[[D N]] = [[D]] ([[N]])
= λQ [SOME(λx [dog (x)])(Q)]

#3
[[NP VP]] = [[NP]] ([[V]])
= SOME(λx [dog (x)])(λx [barks (x)]) = 1
   The dog barks
    –   The set of dogs (i) has only one member, and (ii)
        is a subset of the set of barkers.
not, and, or

   Some dog barks and Fido is a dog.
   Fido is a dog or Goliath likes Fido.
    <t, <t, t>>
   It is not the case that Fido is a dog.
    (Fido is not a dog)
    <t, t>
Intensional Semantics

   Limitations of extensional semantics
    –   Sentences can have only two meanings. (All true
        statements cannot be distinguished from each other.)
    –   Expressions that denote the same object cannot be
        distinguished.

        e.g. Even if all dogs are hairy and all hairy creatures are
        dogs, we would not consider “hairy” and “dog” synonyms.
        (cf. oculist - eye doctor, photocopier - Xerox machine)
   Fido will bark.
   Fido barked.

   Chris must be home by now.

   Chris may not come.

   Chris believes that Goliath barked.

   If Goliath was nice, then Chris would like it.
Current vs. Future/Past States of
Affairs

the current state of affairs:

universe: {c, d, e, f, g, h}

[[ student ]] = {c, d, e}
[[ dog ]] = {f, g, h}
[[ nice ]] = {c, d, e, f, h}
…
[[ like ]] = {<c, c>, …, <f, g>, }
…
the state of affairs in one year:

[[ student ]] = {d, e}
[[ dog ]] = {f, g, h}
[[ nice ]] = {c, d, e, f}
…
[[ like ]] = {<c, c>, …}
…
A hypothetical state of affairs

a hypothetical state of affairs:

[[ student ]] = {c, f}
[[ dog ]] = {f, g, h}
[[ nice ]] = {f, g, h}
…
[[ like ]] = {<c, c>, …}
…

the actual state of affairs = the actual world
hypothetical states of affairs = possible worlds
Extension vs. Intension

   Certain expressions make reference to
    future/past times & hypothetical situations.

<w1, t1>      <w2, t1>    <w3, t1>   …
<w1, t2>      <w2, t2>    <w3, t2>   …
<w1, t3>      <w2, t3>    <w3, t3>   …
…                  …           …
   An expression has different denotations in different world/time pairs

at <w1, t1>: [[ student ]] = {c, d, e}
at <w1, t2>: [[ student ]] = {c, d, e}
at <w1, t3>: [[ student ]] = {d, e}
…
at <w2, t1>: [[ student ]] = {c, d, e, f}
at <w2, t2>: [[ student ]] = {c, d, e, f}
at <w2, t3>: [[ student ]] = {d, e, f}
…
at <w3, t1>: [[ student ]] = {c, d}
at <w3, t2>: [[ student ]] = {d, e}
at <w3, t3>: [[ student ]] = {e, f}
…
   An expression has different denotations in different world/time pairs

at <w1, t1>: [[ Chris is a student ]] = 1
at <w1, t2>: [[Chris is a student ]] = 1
at <w1, t3>: [[Chris is a student ]] = 0
…
at <w2, t1>: [[Chris is a student ]] = 1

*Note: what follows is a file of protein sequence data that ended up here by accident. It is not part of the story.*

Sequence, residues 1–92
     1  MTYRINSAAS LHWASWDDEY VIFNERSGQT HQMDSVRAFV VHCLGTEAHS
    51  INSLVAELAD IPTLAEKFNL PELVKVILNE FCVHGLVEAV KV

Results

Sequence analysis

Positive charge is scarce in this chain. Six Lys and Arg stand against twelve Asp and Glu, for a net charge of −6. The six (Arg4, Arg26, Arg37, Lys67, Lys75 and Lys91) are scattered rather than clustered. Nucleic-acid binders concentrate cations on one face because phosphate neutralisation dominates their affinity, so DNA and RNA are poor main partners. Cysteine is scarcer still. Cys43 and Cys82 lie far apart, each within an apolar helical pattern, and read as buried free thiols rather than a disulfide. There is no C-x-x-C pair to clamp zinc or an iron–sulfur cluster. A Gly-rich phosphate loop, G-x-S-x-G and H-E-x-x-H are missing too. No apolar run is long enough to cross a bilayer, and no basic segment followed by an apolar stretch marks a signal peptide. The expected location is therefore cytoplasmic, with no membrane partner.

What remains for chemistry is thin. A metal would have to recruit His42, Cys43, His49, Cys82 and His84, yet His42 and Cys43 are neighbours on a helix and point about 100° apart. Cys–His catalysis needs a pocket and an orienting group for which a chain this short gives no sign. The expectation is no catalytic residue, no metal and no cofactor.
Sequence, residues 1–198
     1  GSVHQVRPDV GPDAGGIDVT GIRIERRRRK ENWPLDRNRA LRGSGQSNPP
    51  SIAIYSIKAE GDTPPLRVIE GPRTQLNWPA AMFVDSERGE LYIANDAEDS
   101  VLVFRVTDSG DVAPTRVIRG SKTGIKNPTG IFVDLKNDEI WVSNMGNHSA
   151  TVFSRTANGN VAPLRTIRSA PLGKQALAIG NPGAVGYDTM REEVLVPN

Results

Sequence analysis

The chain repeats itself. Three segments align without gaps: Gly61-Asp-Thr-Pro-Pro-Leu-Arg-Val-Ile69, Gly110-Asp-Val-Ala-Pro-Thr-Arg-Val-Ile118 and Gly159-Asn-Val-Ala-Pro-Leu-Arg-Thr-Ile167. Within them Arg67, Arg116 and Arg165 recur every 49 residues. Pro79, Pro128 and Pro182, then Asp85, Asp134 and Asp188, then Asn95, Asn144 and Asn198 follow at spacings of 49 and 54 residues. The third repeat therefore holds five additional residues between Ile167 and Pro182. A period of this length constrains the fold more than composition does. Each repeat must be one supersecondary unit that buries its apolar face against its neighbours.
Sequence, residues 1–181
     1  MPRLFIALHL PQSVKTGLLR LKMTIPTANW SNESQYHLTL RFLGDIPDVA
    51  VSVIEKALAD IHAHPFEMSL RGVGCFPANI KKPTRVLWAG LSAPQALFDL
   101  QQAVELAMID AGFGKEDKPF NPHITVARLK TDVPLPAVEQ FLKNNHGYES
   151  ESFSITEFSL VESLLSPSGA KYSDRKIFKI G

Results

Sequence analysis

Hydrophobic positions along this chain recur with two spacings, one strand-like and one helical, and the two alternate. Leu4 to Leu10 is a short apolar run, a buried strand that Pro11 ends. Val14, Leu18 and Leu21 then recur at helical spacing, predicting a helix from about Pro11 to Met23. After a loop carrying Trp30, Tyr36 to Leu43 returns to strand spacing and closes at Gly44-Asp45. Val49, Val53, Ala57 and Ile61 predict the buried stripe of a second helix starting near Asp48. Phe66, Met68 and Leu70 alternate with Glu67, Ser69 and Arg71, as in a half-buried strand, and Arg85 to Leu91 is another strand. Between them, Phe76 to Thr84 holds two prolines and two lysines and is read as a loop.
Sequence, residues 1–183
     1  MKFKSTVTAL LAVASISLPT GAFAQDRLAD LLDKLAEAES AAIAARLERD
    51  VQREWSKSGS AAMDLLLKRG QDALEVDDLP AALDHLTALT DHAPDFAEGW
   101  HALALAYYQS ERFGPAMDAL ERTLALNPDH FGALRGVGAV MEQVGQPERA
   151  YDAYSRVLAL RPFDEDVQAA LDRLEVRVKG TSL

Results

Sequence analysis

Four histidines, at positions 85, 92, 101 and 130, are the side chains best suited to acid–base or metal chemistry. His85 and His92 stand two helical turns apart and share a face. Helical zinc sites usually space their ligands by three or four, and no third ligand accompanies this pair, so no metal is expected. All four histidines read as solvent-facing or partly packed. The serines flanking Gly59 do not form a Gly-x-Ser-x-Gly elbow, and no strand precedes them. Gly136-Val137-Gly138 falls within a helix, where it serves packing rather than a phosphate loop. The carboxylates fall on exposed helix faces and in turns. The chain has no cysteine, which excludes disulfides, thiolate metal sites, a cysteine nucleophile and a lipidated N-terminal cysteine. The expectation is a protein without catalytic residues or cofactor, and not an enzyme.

at <w2, t2>: [[Chris is a student ]] = 1
at <w2, t3>: [[Chris is a student ]] = 0
…
at <w3, t1>: [[Chris is a student ]] = 1
at <w3, t2>: [[Chris is a student ]] = 0
at <w3, t3>: [[Chris is a student ]] = 0
…
   Extension: the denotation of an expression in
    a given situation (a world/time pair).
   Intension: a function from situations to
    extensions
the extension of “student” at <w1, t1> =
[[ student ]]w1,t1 = {c, d, e}

the intension of “student” =
[[ student ]] = the function F such that:

F (<w1, t1>) = {c, d, e}
F (<w1, t2>) = {c, d, e}
F (<w1, t3>) = {d, e}
…
F (<w2, t1>) = {c, d, e, f}
…
   Two expressions may have the same extension in a
    certain situation, without having the same intension.

[[ dog ]]w1,t1 = {f, g, h}
[[ hairy ]]w1,t1 = {f, g, h}

[[ dog ]]w2,t1 = {f, g, h}
[[ hairy ]]w2,t1 = {f, g}
[[ Chris is a student ]]w1,t1 = 1
[[ Fido is nice ]]w1,t1 = 1

[[ Chris is a student ]]w2,t1 = 1
[[ Fido is nice ]]w2,t1 = 0

the intension of a sentence: a function from
situations to truth values

“Chris is a student” is true = “Chris is a student” is true in this
world, at this time
   Sense: concept associated with an expression
   Reference: object designated by an expression

Denotational interpretation of Frege’s sense:
intension = sense
extension = reference

The definition of “sense” in more concrete terms.
   [[ Fido will bark ]]wn,tn = 1 iff there is some time tm
    such that m > n and [[ Fido barks (is barking) ]]wn,tm =
    1; otherwise = 0
   [[ Fido barked ]]wn,tn = 1 iff there is some time tm such
    that m < n and [[ Fido barks (is barking) ]]wn,tm = 1;
    otherwise = 0

<w1, t1> : Fido is not barking
<w1, t2> : Fido is barking
<w1, t3> : Fido is not barking
   [[ Chris must be home (by now) ]]wn,tn
    = 1 iff for most worlds wm that are similar to wn,
    [[ Chris is home (by now) ]]wm,tn = 1;
    = 0, otherwise

   [[Chris may be home ]]wn,tn
    = 1 iff there is some world wm that is similar to wn
    and
    [[ Chris is home ]]wm,tn = 1;
    = 0 otherwise
   [[ If Goliath was nice, then Chris would like
    it ]]wn,tn
    = 1 iff for each world wm such that
    [[ Goliath is nice ]]wm,tn = 1,
    [[ Chris likes Goliath ]]wm,tn = 1
    = 0 otherwise